CompanionLabs Looks To Take Guesswork Out Of Social Media Advertising

Brian Deagan knows he is teetering on the edge of hyperbole when he talks about the power of Facebook as an advertising platform. But he’s also acutely aware of the social media site’s impressive capabilities.

With Facebook, advertisers have the ability to pinpoint winning campaigns in ways not possible with print or other traditional channels.

“I don’t mean to seem too dramatic, but as a civilization, it is the most sophisticated advertising platform … ever,” Deagan said.

The problem is that most advertisers — save the Fortune 500 gang with teams of data scientists and analytics departments — basically are guessing on their Facebook spend, according to Amy Martin, a senior partner in marketing for JumpStart Inc. The Cleveland-based nonprofit recently awarded Deagan and his fellow CompanionLabs founders $250,000 to accelerate commercialization of a trio of plug-and-play apps that are designed to help companies optimize their digital marketing dollars.

“The larger advertisers and their agencies, they already know how to use these powerful capabilities, but where the gap exists is for a lot of mid-size or micro advertisers,” he said. “What our technology does is closes that gap and allows them to very easily start to use those capabilities better.”

Ten-month-old CompanionLabs, based in the Wallhaven Building in downtown Akron, launched its first app on April 3 with hopes to have 2,000 trial users by October. It met that goal April 18.

Deagan would not disclose the number of active users today or the percent of trial users who convert to subscribers, but he said more than 10,000 advertisers across 65 countries have used CompanionLabs’ apps to date. While advertisers can apply these tools in their Google or Amazon marketing strategies as well, he attributes the “high velocity” launch to the company’s Facebook origins. It was able to identify Facebook advertisers and, using the platform, “rapidly acquire them,” he said.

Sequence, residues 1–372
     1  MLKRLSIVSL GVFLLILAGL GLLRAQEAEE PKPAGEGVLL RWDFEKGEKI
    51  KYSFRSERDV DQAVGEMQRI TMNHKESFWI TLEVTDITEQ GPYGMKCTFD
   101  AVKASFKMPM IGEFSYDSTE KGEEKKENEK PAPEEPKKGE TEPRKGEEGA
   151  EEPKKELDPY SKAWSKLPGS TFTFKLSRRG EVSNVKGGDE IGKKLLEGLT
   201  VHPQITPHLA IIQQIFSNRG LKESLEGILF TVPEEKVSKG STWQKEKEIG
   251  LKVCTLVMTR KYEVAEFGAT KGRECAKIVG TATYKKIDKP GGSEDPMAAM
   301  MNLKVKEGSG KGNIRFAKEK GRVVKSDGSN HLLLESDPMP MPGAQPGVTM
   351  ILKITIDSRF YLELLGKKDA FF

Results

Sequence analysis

Another part of its secret sauce was making the tools as easy to use as possible.

“It is a radically different approach,” Deagan said. “Often when people are buying advertising or marketing technologies to improve their campaigns, it can take weeks — if not months — to get them implemented, up and running and see results.”

CompanionLabs “companion apps,” by contrast, are what Deagan called “bite-sized apps,” ones that are easy to install and deploy, and they provide value faster. The apps work with existing marketing systems, such as Ads Manager or Power Editor, and advertisers get campaign performance data in days.

The six-person company has raised a total of $500,000 in venture funds.

Neither Deagan nor the CompanionLabs team is new to the startup world. Members of the founding team — including CEO Bill Landers — were part of Knotice, an Akron marketing technology startup founded in 2003 that received funding from JumpStart in 2006. That company was sold in 2014 to New York-based marketing firm IgnitionOne.


To read the full story, visit Crain’s Cleveland Business.